Bring back shop classes

The downward trend of offering shop classes in U.S. high schools should change as the classes offer multiple benefits others can not.


Kaden Boyer, Writer

Shop classes are declining in schools across the U.S.. According to the National Center for Education Statistics, the number of shop class credits across U.S. high schools has been trending down since the 1990’s. Unfortunately, it seems that many schools do not recognize the value anymore that these classes offer, even though they allow students to grow skills that are beneficial toward many different career paths.

Shop classes provide an opportunity for students to see if they are better equipped to learn in a hands-on environment, which is an opportunity they may not have been able to experience otherwise. Even if they have no interest in the shop itself, it is beneficial for students to discover their most effective learning strategies. 

With there being such a heavy emphasis on STEM related courses in today’s school curriculum, shop classes are a practical way to apply STEM skills to projects. A vocational class such as welding, for example, is using the skills of both arithmetics and design as the basis for its curriculum. 

Shop classes have an advantage that many other classes do not, in which a majority of the class is pivotal with hands-on learning. With the aforementioned advantage shop classes have, in which it can help students discover their best learning strategies, some students will benefit from the interactivity between projects and learning. So even if students want to pursue a STEM related career but are discouraged from the traditional classroom setup, shop classes offer a refreshing change for them. 

The U.S. economy depends on the sector of trade jobs. As such, students who want to work in that field should be given the resources needed by their public school to succeed. The next generation of workers needs to be adequately educated and prepared to ensure a healthy nation that is economically stable and provides for younger and retired generations.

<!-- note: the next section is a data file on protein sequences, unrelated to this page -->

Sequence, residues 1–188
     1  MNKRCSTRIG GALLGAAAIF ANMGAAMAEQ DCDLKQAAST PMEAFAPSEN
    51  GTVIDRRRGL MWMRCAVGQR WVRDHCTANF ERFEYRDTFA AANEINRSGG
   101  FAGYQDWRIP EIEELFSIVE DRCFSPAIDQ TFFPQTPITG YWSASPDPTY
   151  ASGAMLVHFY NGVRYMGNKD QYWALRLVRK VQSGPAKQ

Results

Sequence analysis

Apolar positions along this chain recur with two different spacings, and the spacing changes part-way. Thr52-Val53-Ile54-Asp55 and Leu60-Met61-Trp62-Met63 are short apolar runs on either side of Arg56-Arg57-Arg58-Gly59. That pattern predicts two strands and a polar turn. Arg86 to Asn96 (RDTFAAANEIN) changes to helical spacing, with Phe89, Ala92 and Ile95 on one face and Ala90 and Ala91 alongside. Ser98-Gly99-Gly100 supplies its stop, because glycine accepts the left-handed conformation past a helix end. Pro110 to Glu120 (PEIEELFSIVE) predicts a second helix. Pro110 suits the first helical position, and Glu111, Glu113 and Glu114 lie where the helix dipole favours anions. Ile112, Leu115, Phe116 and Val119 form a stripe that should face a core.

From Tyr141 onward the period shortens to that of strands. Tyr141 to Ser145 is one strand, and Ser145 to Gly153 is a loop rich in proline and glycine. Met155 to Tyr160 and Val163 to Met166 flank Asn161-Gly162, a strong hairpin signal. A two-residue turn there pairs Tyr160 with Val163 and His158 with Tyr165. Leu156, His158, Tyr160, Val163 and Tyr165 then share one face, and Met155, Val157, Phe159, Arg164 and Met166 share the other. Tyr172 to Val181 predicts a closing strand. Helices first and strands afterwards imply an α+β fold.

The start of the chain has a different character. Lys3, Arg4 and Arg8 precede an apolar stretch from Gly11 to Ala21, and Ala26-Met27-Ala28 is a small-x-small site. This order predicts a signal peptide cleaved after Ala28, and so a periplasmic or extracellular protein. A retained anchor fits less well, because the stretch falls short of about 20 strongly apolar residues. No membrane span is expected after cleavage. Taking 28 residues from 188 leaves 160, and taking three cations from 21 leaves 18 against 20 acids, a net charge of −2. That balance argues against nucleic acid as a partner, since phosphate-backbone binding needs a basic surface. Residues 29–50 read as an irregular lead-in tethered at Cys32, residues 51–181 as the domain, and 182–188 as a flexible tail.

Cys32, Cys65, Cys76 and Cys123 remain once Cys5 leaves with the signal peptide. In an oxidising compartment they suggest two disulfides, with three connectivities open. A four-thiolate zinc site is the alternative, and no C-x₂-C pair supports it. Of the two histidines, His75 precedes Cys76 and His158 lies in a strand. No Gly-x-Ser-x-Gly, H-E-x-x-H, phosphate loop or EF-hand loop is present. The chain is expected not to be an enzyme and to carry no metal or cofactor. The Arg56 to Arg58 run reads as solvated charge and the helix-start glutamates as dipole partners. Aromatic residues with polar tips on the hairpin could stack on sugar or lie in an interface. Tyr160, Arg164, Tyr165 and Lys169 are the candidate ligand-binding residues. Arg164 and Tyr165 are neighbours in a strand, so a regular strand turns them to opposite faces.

Many schools who take away the offering of shop classes cite budgeting and safety as the main reason behind it. Shop classes require a lot of materials to operate and have the most injuries occur, albeit generally rare. However, given the listed benefits that these classes can offer outside of trade job skills, such as applied learning strategies and STEM skills, the investment is worthwhile for the betterment of education. And even to re-mention, the trade job skills offered are very valuable to a curriculum in which a sizable amount of students will consider a career path in trade.  

The Career Academy and Technical Center in Bismarck allows BPS schools to participate in vocational-type classes. The emphasis on classes “geared toward career pathways” is specifically meant to allow students to train hands on similarly to a real-work environment. The success BPS has shows that it is practical to keep these types of classes, and that other schools should try similar methods.